Feeds

Man used MP3 player to hack ATMs

Money for nothin' and your chicks for free

Internet Security Threat Report 2014

A man in Manchester, England has been convicted of using an MP3 player to hack cash machines. Maxwell Parsons, 41, spent £200,000 of other people's money after using the machine to read card details.

Parsons plugged his MP3 player into the back of free standing cash machines and was able to use it to read data about customers' cards. That data could then be used to 'clone' cards and use them for bogus purchases.

Free-standing machines are typically found in shops and bars, and they allowed Parsons to plug his machine into the back of them in a way that would be impossible in wall mounted dispensers.

The MP3 player recorded customer details as they were transmitted over phone lines to the bank. Tones were read as they were transmitted and used to clone cards.

The case was heard at Minshull Street Crown Court in Manchester. Parsons was sentenced to 32 months in prison for the scam. Though £200,000 was spent on the cards, police said they believed that Parsons himself only earned £14,000 through it.

Police uncovered the scam almost by accident when they stopped Parsons for making an illegal u-turn in a car in London. They found a fake bank card in his possession and searched his home in Manchester, where they found the evidence with which to prosecute.

He denied the charges of fraud at first but eventually admitted to possessing equipment to make a false instrument, deception and unlawful interception of a public telecommunication transmission. He is believed to have had accomplices.

Copyright © 2006, OUT-LAW.com

OUT-LAW.COM is part of international law firm Pinsent Masons.

Internet Security Threat Report 2014

More from The Register

next story
George Clooney, WikiLeaks' lawyer wife hand out burner phones to wedding guests
Day 4: 'News'-papers STILL rammed with Clooney nuptials
Shellshock: 'Larger scale attack' on its way, warn securo-bods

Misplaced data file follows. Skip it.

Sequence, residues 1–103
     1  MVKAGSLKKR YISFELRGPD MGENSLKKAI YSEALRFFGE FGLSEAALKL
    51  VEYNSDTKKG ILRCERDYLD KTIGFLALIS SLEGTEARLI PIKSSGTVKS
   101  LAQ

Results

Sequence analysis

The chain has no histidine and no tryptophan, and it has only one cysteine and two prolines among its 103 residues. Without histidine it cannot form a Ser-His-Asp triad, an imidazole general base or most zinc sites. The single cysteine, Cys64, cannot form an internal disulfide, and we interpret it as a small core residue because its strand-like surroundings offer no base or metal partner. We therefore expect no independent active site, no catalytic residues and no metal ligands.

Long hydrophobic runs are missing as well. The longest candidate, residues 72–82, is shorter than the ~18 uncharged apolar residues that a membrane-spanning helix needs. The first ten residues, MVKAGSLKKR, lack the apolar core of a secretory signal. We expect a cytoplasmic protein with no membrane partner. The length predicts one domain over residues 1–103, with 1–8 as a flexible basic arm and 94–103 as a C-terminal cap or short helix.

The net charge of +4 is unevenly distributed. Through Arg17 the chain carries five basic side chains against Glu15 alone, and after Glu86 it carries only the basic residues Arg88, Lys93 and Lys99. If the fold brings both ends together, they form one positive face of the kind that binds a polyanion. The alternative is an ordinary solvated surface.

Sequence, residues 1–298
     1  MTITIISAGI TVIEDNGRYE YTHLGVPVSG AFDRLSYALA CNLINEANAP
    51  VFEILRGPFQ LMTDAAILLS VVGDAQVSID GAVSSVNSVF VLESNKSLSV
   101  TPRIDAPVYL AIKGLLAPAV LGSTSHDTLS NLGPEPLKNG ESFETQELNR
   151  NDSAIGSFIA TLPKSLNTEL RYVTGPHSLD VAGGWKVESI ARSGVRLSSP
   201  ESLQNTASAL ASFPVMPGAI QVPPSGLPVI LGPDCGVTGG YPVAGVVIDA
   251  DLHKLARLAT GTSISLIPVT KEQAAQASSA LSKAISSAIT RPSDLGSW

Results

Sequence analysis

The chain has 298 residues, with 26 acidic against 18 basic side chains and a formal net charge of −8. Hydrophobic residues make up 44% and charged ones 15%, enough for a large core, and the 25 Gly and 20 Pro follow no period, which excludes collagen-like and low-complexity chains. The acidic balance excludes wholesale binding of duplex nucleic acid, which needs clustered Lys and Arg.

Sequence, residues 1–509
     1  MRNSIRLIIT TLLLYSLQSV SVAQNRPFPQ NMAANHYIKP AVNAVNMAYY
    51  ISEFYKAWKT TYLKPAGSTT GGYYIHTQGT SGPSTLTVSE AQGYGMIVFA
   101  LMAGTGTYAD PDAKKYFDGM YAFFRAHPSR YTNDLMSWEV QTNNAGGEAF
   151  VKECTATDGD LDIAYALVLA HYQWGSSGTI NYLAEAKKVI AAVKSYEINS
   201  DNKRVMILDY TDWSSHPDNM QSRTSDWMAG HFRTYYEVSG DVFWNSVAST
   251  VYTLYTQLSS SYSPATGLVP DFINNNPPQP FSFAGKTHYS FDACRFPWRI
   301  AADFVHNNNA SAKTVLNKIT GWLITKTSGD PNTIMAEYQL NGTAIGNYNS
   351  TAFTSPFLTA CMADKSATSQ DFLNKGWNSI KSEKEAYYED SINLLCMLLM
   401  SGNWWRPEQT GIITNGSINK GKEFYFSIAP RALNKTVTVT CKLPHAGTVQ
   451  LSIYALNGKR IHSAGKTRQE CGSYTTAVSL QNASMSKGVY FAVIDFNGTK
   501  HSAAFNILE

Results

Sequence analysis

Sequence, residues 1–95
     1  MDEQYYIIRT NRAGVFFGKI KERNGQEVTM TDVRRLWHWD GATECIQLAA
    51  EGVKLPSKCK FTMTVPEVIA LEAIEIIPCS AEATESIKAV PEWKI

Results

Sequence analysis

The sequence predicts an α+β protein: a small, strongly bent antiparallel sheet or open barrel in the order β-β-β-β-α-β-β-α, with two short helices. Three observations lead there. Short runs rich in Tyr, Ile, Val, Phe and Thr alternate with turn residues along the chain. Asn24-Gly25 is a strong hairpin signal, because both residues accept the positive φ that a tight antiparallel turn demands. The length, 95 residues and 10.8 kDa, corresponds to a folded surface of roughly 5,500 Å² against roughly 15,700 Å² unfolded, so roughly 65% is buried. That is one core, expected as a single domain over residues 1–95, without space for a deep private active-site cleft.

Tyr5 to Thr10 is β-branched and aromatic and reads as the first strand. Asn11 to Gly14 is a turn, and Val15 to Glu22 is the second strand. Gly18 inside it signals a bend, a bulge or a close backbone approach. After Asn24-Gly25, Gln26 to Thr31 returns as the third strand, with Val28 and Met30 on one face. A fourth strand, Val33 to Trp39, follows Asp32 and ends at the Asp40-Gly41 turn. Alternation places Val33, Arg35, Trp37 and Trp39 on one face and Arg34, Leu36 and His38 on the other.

Not just web servers under threat - though TENS of THOUSANDS have been hit
Apple's new iPhone 6 vulnerable to last year's TouchID fingerprint hack
But unsophisticated thieves need not attempt this trick
PEAK IPV4? Global IPv6 traffic is growing, DDoS dying, says Akamai
First time the cache network has seen drop in use of 32-bit-wide IP addresses
Oracle SHELLSHOCKER - data titan lists unpatchables
Database kingpin lists 32 products that can't be patched (yet) as GNU fixes second vuln
Who.is does the Harlem Shake
Blame it on LOLing XSS terroristas
Researchers tell black hats: 'YOU'RE SOOO PREDICTABLE'
Want to register that domain? We're way ahead of you.
prev story

Whitepapers

Forging a new future with identity relationship management
Learn about ForgeRock's next generation IRM platform and how it is designed to empower CEOS's and enterprises to engage with consumers.
Storage capacity and performance optimization at Mizuno USA
Mizuno USA turn to Tegile storage technology to solve both their SAN and backup issues.
The next step in data security
With recent increased privacy concerns and computers becoming more powerful, the chance of hackers being able to crack smaller-sized RSA keys increases.
Security for virtualized datacentres
Legacy security solutions are inefficient due to the architectural differences between physical and virtual environments.
A strategic approach to identity relationship management
ForgeRock commissioned Forrester to evaluate companies’ IAM practices and requirements when it comes to customer-facing scenarios versus employee-facing ones.